- It’s generally not necessary to send in warranty cards or “register” a warranty for the warranty to be valid, regardless of what the card may imply.
- If you do receive junk mail, do one of two things about it. Recycle it immediately, or call or write somebody about getting off the list.
- Keep a recycling bin or trash can by your mailbox or wherever you sort mail.
- Recognize that most companies sending direct mail are happy to take disinterested people off their lists. It costs them money to send you a thick, shiny catalog.
- You may be told that it could take a couple of mailing cycles for mail to stop coming. This is a standard disclaimer you should take at face value.
- If you are too busy to do the above steps yourself, you can take a shortcut by hiring a service to do them for you. A service like greendimes.com will remove your name and others in your household from direct mail lists, unsolicited credit card offers, as well as the catalogs that you selectively choose to unsubscribe from. They will revisit the direct mailers to keep you off the lists and plant a tree for you every month. The cost of a Green Dimes membership is a dime a day or $36/year.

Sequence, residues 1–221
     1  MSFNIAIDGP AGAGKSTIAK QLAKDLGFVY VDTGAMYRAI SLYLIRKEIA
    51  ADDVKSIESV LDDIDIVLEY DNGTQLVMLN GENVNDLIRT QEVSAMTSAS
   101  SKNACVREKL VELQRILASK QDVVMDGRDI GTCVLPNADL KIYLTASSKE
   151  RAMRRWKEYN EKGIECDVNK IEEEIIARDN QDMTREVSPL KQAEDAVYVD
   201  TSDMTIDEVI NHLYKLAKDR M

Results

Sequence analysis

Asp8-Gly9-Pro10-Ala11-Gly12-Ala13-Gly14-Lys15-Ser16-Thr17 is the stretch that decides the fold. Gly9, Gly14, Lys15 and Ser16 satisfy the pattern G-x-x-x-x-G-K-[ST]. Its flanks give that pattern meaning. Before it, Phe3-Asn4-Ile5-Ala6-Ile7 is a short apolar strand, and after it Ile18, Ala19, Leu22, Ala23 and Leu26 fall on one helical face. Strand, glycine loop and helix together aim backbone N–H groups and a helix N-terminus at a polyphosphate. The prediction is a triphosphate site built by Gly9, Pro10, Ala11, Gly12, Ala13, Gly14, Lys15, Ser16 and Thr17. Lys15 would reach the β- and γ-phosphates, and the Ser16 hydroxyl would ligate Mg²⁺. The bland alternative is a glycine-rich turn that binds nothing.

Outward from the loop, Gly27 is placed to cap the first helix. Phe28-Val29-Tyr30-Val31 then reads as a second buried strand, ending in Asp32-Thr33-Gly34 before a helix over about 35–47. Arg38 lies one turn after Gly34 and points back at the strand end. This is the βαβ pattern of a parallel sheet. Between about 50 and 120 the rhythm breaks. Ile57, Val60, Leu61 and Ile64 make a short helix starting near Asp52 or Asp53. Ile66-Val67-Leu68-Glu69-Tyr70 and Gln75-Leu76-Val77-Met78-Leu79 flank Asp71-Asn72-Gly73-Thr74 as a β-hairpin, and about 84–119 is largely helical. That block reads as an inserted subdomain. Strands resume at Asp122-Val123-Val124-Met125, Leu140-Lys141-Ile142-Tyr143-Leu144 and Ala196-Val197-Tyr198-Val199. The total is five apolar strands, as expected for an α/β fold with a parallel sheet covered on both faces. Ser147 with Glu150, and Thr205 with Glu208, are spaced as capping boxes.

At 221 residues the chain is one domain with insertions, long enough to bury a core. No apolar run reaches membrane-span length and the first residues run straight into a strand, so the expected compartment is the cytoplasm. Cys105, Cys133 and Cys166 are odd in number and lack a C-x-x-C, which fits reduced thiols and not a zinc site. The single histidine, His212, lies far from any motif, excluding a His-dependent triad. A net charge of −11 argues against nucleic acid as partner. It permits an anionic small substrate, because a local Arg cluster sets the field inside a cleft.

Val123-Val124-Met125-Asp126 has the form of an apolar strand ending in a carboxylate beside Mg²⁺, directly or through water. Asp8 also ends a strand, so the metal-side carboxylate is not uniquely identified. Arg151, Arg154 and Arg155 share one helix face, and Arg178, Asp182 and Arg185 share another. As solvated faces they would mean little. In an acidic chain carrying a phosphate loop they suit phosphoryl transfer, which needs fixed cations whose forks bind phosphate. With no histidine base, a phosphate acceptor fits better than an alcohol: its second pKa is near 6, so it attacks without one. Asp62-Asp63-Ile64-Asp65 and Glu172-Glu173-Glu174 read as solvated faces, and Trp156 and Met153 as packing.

- Request your name be eliminated from the county tax database. Many companies target specific areas based on neighborhood subdivisions or home values. By making your information confidential in the county and state databases you may eliminate quite a bit of junk mail.
- You shouldn’t have to spend money to get rid of junk mail. The junk mail removal kits you may see for sale generally don’t offer anything you can’t do on your own.
- Sending junk mail back in the reply envelope may feel good, but it is not a particularly effective way to get off mailing lists. It is better simply to request to be removed.
- Don’t be rude to the person who answers the phone, even if you’re mad about receiving something. He or she is paid to answer the phone (and is generally paid very little). This person is not personally responsible for your receiving it. But do, if necessary, be persistent, in addition to being kind.
- Any offer that looks too good to be true, probably is. If something seems fishy, read the fine print, research it carefully, or simply pass it by. You may not really have won a million dollars, even if the magazine ordering materials make it seem as though you have.
- Always make sure the mail “is” junk.